Funding gap looms for Alaska’s domestic violence programs, but need for services is as high as ever

By: Claire Stremple, Alaska Beacon

Snow falls on the Alaska State Capitol on Monday, Jan. 30, 2023, in Juneau, Alaska. (Photo by James Brooks/Alaska Beacon)

A major source of funding for Alaska’s domestic violence response has decreased significantly in the past five years, leaving a multimillion-dollar hole in the budget for services. That reduction, paired with the end of pandemic relief money and high rates of inflation, has domestic violence advocates scrambling to adequately fund the groups that keep one of the state’s most vulnerable populations safe.

Alaska’s Council on Domestic Violence and Sexual Assault, the group that manages state and federal funding for domestic violence programs and distributes them to communities, has plugged the hole with “gap funding” from state and federal sources, said former council Director Diane Casto.

She had been using COVID relief dollars to stabilize the budget, she said, but the council will have spent all that money by the end of this year.

“This is no longer just a gap. It’s a reality,” she said. “We either need to have more money for the ongoing years to have stable funding, or we’re going to need to decrease the amount of money we put out on the street.”

The problem has been years in the making.

What happened is this: One of the sources of federal funding for domestic violence programs, the Victims of Crime Act fund, increased significantly several years ago. The fund’s money comes from fines and fees that perpetrators of crime must pay, so it fluctuates. Alaska built out services to spend the influx of money in the 2022 fiscal year. Now, the fund has dropped and remains low, but the need for services has not diminished.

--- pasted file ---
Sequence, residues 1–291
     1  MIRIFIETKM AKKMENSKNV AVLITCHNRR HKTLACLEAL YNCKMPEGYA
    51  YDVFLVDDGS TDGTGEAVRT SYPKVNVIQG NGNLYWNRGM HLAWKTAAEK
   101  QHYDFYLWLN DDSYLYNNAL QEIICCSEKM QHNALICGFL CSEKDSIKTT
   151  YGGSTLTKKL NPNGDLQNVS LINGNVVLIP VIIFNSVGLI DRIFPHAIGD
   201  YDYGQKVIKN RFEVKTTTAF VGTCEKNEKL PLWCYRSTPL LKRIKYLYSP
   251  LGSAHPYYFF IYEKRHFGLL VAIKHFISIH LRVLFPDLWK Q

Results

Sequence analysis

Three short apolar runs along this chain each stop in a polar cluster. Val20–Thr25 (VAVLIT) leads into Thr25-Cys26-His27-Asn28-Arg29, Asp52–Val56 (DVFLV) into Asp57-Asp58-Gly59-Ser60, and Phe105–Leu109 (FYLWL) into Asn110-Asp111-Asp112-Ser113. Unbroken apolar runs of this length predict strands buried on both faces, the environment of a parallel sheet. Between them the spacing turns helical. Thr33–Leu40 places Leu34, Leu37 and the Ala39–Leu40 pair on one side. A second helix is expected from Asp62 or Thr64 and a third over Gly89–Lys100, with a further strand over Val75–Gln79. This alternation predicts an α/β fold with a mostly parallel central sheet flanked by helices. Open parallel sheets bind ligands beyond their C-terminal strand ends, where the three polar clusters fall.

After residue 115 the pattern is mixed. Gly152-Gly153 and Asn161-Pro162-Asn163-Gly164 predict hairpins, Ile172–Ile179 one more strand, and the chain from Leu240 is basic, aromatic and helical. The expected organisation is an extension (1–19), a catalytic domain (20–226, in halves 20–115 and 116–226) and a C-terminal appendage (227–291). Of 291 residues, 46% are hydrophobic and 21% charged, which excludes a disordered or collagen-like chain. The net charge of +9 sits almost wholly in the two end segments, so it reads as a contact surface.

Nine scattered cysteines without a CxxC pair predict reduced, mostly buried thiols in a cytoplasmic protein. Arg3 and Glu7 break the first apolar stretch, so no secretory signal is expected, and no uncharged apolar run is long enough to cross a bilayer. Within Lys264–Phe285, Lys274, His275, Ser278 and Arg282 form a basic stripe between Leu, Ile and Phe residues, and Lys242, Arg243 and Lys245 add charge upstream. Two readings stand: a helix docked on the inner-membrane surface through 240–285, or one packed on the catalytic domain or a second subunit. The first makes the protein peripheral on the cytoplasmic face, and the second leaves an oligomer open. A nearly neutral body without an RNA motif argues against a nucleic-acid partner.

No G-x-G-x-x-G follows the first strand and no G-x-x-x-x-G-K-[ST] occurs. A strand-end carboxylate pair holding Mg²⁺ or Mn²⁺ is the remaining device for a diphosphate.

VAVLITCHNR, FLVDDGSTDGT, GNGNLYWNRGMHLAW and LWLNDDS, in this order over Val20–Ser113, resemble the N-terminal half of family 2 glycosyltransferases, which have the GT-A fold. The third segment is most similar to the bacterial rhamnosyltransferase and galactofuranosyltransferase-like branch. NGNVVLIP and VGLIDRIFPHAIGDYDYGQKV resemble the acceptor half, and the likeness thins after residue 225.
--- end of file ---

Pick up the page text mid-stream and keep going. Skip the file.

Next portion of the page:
“So one year, we got almost $9 million of VOCA. Today, we’re getting around three,” Casto said.

In FY18, the state got nearly $8 million in VOCA funds. In FY21, it got less than half of that — less than $3 million.

That $5 million difference is a significant slice of the council’s financial pie. Last year, the council’s budget was nearly $25 million — of that, nearly $21 million went to grants.

Casto said the loss is exacerbated by inflation; while she is scrambling to keep funding stable, the costs of goods and services, especially in remote parts of the state, are going up. So she said what looks like stability is actually a loss.

“Even though we say — and it sounds really good: ‘They have steady funding, they’re getting the same amount they got last year’ — what that means is they’re getting cut every year, because the buying power for what they received in general fund dollars in 2017 is considerably less,” she said.

By her math, Casto has lost nearly a quarter of the buying power of her 2017 dollars. That means the council needs $2.6 million just to “inflation proof” the money that comes from the state’s general fund this next year.

This article was produced as a project for the USC Annenberg Center for Health Journalism’s 2023 Domestic Violence Impact Fund.